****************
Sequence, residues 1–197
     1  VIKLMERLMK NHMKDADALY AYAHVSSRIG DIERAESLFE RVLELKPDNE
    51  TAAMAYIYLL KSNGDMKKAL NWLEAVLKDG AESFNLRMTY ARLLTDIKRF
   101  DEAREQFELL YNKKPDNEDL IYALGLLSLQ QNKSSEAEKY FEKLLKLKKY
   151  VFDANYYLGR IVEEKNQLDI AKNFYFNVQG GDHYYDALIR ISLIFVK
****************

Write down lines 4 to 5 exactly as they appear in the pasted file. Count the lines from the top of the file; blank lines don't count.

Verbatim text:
   101  DEAREQFELL YNKKPDNEDL IYALGLLSLQ QNKSSEAEKY FEKLLKLKKY
   151  VFDANYYLGR IVEEKNQLDI AKNFYFNVQG GDHYYDALIR ISLIFVK